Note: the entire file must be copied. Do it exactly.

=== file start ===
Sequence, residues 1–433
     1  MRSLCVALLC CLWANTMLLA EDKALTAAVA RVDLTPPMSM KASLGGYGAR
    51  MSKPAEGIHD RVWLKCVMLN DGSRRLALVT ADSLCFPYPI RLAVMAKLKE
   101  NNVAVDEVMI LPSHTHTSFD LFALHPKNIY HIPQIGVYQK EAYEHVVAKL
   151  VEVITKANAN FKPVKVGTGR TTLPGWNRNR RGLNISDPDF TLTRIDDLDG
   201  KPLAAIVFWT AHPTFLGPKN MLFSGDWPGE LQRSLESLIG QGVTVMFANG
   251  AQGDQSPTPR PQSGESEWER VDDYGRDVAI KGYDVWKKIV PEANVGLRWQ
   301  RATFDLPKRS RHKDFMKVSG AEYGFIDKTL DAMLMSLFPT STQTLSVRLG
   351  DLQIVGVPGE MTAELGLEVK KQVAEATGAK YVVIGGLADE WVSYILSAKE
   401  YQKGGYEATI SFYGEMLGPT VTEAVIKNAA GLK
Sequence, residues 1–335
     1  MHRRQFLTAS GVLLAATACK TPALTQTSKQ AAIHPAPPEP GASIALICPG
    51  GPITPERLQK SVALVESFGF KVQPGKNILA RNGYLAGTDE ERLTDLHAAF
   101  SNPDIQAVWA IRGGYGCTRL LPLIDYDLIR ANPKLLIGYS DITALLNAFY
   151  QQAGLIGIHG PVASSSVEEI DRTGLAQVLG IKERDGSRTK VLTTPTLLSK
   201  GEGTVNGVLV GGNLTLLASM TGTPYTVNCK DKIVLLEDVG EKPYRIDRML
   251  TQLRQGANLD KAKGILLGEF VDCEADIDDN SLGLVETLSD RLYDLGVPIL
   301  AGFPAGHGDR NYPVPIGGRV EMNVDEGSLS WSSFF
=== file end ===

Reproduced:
Sequence, residues 1–433
     1  MRSLCVALLC CLWANTMLLA EDKALTAAVA RVDLTPPMSM KASLGGYGAR
    51  MSKPAEGIHD RVWLKCVMLN DGSRRLALVT ADSLCFPYPI RLAVMAKLKE
   101  NNVAVDEVMI LPSHTHTSFD LFALHPKNIY HIPQIGVYQK EAYEHVVAKL
   151  VEVITKANAN FKPVKVGTGR TTLPGWNRNR RGLNISDPDF TLTRIDDLDG
   201  KPLAAIVFWT AHPTFLGPKN MLFSGDWPGE LQRSLESLIG QGVTVMFANG
   251  AQGDQSPTPR PQSGESEWER VDDYGRDVAI KGYDVWKKIV PEANVGLRWQ
   301  RATFDLPKRS RHKDFMKVSG AEYGFIDKTL DAMLMSLFPT STQTLSVRLG
   351  DLQIVGVPGE MTAELGLEVK KQVAEATGAK YVVIGGLADE WVSYILSAKE
   401  YQKGGYEATI SFYGEMLGPT VTEAVIKNAA GLK
Sequence, residues 1–335
     1  MHRRQFLTAS GVLLAATACK TPALTQTSKQ AAIHPAPPEP GASIALICPG
    51  GPITPERLQK SVALVESFGF KVQPGKNILA RNGYLAGTDE ERLTDLHAAF
   101  SNPDIQAVWA IRGGYGCTRL LPLIDYDLIR ANPKLLIGYS DITALLNAFY
   151  QQAGLIGIHG PVASSSVEEI DRTGLAQVLG IKERDGSRTK VLTTPTLLSK
   201  GEGTVNGVLV GGNLTLLASM TGTPYTVNCK DKIVLLEDVG EKPYRIDRML
   251  TQLRQGANLD KAKGILLGEF VDCEADIDDN SLGLVETLSD RLYDLGVPIL
   301  AGFPAGHGDR NYPVPIGGRV EMNVDEGSLS WSSFF